THURSDAY, June 25, 2020 (HealthDay News) — For women with premature ovarian insufficiency (POI), continuous use of combined oral contraceptives (COC) is associated with increased bone mineral density (BMD), similar to that seen with high-dose hormone therapy (HT), according to a study published online June 22 in Menopause.
Lívia B. Carvalho Gazarra, from the University of Campinas in Brazil, and colleagues conducted an observational study of women with POI to compare the use of COC to the use of low-dose HT, high-dose HT, tibolone, or no treatment. Every two years, bone density scans were performed. For the lumbar spine, total femur, and femoral neck, the difference between final and initial BMD values was calculated. Overall, 420 scans of 119 women were analyzed.
The researchers found that in the COC and high-dose HT groups, the BMD deltas at the lumbar spine and total femur were greater. The differences between the two scans at the lumbar spine were greater in the COC group than the low-dose HT, untreated, and tibolone groups (mean differences, −0.043, −0.056, and −0.050, respectively). Compared with COC, the low-dose HT group had lower total femur BMD decreases and delta (−0.038).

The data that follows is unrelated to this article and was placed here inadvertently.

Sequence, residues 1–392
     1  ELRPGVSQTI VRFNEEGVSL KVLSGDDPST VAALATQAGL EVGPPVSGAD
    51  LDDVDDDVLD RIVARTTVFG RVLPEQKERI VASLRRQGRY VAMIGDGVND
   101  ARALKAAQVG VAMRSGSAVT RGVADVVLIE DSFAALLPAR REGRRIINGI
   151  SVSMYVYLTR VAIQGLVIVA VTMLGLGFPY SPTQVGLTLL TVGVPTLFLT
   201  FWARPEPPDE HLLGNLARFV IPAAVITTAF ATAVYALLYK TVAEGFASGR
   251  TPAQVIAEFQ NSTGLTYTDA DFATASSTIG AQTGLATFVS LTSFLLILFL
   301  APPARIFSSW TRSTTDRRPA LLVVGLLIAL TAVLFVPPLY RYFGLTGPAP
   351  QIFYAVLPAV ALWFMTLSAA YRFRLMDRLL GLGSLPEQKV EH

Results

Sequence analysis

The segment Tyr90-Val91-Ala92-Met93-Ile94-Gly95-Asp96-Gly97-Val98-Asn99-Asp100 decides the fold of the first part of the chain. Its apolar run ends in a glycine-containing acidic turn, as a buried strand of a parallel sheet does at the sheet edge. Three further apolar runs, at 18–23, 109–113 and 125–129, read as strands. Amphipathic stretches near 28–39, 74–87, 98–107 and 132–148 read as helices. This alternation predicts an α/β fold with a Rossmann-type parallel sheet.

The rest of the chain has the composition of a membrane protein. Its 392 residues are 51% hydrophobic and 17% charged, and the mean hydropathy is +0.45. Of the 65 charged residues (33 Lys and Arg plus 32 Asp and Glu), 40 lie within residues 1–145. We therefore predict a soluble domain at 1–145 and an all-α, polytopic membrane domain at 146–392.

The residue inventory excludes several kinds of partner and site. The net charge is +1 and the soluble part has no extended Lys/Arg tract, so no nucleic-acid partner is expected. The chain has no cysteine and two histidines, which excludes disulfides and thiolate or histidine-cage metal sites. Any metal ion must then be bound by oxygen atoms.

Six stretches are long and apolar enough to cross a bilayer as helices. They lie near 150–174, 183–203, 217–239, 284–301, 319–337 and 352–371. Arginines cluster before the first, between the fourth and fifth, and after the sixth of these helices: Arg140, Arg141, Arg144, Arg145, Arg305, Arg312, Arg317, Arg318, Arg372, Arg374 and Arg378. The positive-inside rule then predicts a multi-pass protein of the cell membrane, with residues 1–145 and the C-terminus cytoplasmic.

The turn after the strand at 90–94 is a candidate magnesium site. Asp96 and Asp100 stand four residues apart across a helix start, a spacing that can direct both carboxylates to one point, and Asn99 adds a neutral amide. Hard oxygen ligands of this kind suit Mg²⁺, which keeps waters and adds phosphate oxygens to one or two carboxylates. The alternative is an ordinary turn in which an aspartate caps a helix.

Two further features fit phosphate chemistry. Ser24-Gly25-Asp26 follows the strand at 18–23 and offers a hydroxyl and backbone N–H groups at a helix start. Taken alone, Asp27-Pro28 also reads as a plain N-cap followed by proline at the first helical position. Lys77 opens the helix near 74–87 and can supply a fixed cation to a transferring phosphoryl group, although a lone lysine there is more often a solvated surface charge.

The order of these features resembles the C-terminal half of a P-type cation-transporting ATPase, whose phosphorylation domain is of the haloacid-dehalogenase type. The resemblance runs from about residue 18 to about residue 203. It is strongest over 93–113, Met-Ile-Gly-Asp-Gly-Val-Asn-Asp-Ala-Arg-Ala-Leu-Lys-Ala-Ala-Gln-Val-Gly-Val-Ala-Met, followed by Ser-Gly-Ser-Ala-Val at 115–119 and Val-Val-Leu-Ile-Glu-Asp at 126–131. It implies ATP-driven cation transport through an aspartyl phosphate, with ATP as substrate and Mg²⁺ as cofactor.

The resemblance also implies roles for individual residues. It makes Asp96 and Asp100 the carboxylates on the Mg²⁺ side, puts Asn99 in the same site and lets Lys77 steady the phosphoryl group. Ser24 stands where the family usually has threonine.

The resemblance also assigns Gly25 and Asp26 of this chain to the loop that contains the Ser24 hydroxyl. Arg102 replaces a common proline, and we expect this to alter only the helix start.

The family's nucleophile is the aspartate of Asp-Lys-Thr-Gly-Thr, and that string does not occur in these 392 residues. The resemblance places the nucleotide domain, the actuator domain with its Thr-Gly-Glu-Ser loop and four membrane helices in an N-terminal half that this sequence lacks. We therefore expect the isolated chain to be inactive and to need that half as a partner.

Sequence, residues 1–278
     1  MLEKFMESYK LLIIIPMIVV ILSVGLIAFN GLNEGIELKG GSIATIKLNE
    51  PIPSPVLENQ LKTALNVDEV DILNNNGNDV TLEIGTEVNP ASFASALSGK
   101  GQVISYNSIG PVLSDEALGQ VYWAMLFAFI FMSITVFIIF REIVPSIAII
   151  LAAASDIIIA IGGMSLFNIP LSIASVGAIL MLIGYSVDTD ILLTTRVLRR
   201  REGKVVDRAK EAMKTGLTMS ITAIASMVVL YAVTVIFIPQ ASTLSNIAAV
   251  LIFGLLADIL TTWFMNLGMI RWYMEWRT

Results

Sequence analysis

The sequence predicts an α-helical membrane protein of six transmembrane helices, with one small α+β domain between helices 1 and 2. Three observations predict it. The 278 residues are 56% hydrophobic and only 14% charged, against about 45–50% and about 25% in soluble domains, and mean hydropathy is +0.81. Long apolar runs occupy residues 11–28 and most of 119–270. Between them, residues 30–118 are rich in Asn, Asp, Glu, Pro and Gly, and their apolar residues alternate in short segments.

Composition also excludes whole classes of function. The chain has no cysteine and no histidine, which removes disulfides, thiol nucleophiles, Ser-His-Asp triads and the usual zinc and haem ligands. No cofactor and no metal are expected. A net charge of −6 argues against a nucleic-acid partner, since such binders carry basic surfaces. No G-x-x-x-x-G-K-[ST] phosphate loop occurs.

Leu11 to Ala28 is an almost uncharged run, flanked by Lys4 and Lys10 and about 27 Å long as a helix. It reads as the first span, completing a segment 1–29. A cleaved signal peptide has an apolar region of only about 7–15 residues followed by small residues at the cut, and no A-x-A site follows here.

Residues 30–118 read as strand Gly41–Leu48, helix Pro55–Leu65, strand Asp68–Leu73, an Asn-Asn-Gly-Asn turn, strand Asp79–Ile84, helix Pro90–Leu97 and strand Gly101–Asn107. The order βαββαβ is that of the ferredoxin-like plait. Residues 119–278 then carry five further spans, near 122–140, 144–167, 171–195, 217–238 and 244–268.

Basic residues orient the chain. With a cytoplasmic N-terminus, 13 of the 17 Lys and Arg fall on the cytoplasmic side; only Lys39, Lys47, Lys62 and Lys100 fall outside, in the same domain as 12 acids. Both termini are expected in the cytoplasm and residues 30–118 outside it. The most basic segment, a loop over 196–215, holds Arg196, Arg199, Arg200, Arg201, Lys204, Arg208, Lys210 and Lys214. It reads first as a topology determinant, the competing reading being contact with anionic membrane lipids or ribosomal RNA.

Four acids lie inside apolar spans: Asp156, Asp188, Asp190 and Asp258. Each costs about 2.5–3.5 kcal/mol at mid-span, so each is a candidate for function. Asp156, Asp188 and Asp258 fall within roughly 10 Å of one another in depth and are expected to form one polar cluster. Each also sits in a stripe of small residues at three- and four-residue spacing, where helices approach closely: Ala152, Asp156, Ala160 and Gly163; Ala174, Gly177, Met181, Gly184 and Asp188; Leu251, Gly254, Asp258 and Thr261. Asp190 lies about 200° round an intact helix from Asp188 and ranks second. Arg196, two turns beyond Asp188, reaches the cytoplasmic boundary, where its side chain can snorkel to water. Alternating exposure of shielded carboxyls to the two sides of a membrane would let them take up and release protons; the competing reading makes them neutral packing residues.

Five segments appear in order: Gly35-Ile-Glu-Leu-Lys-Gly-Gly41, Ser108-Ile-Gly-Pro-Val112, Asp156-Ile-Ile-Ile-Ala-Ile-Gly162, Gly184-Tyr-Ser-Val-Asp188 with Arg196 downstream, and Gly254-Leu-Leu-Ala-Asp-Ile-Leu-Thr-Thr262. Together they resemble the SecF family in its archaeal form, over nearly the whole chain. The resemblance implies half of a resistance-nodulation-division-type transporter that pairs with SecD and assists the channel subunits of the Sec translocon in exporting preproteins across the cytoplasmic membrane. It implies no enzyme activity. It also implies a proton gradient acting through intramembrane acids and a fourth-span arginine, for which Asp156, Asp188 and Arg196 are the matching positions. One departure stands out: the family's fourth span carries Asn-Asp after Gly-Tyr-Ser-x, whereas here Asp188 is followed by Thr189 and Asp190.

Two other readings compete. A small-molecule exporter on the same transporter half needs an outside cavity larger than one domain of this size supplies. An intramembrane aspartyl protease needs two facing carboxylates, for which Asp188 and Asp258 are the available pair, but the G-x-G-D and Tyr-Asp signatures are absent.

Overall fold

“The use of COC on a continuous schedule could be associated with improvement in bone mass, as reflected in the results of the present study in which there was an increase in bone mass at least similar to that found with the higher dose of HT,” the authors write.
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